The Danish-Icelandic artist Olafur Eliasson’s installation Det lyttende Spejl (The listening mirror) at the entrance to the newly opened Regional Hospital Gødstrup generates a unique atmosphere that has a spontaneous and physical impact on the viewer. Utilising mirror reflections, Eliasson employs the geometric shapes of the installation and dissolves the pavilion’s physical boundaries.
At first glance, Det lyttende spejl has a seemingly simple construction: Two curved pipes, crossing one another perpendicularly, hold a large disc aloft at a slight angle to form a shed roof at the entrance of the hospital. The reflective underside of the disc mirrors the semicircular pipes, creating the illusion of two complete circles passing through the ceiling and rising into an imaginary space above.
As visitors enter the pavilion, they can gaze up at their own reflections in the mirror and see themselves incorporated, upside down, into the artwork, embraced within the globe drawn by the pipes. The tilt of the ceiling allows the reflections to be seen from the outside. As the viewer moves towards and around the pavilion, the rings appear to shift in shape, changing from ellipses to circles and back again. In this way, the piece engages not only the viewer’s vision but also their body by looking at their own reflection in the mirror and is thus incorporated into the artwork.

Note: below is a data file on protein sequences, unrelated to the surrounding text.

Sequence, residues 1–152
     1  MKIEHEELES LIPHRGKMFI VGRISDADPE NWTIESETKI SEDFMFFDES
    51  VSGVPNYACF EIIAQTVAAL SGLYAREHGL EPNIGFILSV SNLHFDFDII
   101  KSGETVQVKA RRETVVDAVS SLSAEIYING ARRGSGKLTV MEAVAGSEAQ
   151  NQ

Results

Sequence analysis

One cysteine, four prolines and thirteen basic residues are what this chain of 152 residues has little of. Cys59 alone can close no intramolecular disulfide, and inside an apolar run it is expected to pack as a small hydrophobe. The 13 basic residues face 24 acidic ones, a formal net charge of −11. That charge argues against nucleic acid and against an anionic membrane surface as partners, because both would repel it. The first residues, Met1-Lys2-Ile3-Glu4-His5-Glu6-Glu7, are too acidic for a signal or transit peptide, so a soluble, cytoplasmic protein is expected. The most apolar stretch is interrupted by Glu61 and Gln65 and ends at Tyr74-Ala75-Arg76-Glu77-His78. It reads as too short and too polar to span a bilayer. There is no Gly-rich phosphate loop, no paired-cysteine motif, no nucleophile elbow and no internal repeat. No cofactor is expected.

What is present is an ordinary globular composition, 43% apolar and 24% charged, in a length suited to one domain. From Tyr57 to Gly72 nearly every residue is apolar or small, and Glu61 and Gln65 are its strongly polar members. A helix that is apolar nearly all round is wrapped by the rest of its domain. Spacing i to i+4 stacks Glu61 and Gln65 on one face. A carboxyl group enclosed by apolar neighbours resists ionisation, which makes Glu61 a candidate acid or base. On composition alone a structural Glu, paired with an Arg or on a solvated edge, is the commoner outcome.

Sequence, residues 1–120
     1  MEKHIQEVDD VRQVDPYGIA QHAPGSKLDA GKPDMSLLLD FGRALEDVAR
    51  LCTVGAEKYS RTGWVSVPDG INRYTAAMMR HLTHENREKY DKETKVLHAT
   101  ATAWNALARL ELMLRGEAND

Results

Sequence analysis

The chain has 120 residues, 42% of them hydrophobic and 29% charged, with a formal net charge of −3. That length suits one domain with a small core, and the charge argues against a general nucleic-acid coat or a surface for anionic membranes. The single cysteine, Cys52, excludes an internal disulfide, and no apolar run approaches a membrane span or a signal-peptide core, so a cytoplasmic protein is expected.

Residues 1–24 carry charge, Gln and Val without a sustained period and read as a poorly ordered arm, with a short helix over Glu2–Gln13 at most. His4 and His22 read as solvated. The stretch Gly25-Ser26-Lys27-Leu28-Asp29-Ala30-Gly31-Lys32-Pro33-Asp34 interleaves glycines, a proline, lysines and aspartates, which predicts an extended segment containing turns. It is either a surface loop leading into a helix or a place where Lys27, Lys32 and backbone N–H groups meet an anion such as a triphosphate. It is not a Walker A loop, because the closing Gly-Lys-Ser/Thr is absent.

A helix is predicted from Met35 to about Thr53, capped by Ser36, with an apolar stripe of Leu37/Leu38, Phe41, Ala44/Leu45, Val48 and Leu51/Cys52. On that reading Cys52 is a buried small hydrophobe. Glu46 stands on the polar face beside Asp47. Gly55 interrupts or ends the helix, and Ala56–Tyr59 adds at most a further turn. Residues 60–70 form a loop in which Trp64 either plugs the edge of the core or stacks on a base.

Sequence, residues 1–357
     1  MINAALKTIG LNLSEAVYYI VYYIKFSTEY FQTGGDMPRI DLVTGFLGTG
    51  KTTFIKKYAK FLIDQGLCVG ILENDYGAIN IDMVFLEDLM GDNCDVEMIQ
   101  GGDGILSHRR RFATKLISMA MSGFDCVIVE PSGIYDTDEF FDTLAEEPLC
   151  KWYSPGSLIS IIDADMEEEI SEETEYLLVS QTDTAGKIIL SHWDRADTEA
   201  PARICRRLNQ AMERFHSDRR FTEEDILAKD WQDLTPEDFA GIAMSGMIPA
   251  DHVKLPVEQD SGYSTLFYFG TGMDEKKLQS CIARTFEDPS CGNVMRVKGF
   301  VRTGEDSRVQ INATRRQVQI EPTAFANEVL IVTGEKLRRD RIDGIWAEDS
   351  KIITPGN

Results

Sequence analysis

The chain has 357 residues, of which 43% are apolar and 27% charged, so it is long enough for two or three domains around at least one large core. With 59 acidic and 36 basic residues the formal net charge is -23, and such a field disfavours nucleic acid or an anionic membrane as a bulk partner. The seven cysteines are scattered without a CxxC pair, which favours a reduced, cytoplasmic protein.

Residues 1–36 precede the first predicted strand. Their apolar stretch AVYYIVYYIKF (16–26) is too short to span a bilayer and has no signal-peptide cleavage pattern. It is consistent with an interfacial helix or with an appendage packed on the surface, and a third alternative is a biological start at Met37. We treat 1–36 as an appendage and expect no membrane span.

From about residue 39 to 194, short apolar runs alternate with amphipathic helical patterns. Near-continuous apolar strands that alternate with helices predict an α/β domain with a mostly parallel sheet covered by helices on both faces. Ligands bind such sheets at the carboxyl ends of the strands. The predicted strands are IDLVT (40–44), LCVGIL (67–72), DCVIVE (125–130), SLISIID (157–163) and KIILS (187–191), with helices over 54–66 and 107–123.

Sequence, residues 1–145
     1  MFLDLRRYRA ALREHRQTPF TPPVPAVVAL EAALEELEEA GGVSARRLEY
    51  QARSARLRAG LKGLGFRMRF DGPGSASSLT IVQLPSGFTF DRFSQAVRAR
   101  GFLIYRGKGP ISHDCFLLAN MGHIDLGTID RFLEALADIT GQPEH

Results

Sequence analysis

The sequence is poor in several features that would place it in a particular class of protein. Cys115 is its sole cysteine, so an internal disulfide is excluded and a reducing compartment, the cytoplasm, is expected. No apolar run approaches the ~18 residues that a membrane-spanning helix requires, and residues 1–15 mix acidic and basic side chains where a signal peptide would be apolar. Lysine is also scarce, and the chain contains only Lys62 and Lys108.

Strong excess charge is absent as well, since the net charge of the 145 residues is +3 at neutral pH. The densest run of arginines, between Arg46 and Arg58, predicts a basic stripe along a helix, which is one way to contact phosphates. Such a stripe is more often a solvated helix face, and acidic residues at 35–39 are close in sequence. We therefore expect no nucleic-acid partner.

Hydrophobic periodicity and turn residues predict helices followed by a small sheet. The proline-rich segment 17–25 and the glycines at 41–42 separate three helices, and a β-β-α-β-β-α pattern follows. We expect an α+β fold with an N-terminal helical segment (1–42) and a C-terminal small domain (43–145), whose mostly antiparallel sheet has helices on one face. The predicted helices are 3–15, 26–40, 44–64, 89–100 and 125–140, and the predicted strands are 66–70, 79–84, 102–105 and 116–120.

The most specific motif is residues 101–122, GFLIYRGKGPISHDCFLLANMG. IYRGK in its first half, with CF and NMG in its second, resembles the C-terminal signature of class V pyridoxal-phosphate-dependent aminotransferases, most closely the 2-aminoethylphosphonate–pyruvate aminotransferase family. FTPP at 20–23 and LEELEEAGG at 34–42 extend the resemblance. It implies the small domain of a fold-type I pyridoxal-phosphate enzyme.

‘A hospital is a place that in addition to dealing with minor injuries and illness is also confronted with births and deaths – with life in all its extremes – and in these situations we invariably come to see our lives in a greater context. The listening mirror offers a space where we can see things from a broader perspective,’ Eliasson explains.
Eliasson is driven by his interests in perception, movement, embodied experience, and feelings of self and community. This physical image has poetic parallels to the way in which a hospital gives rise to new perspectives on life. Thus, Det lyttende spejl is a work of art that enables new insights and sensory experiences.
The Regional Hospital Gødstrup, which has a total floorspace of 148,000 square metres, is the new major hospital for central and western Jutland and is designed to be a patient-centred hospital. This includes an ambition to set new standards for influencing the patients’ senses and well-being, including through building-integrated and site-specific art.
Det lyttende spejl was realized with support from the New Carlsberg Foundation.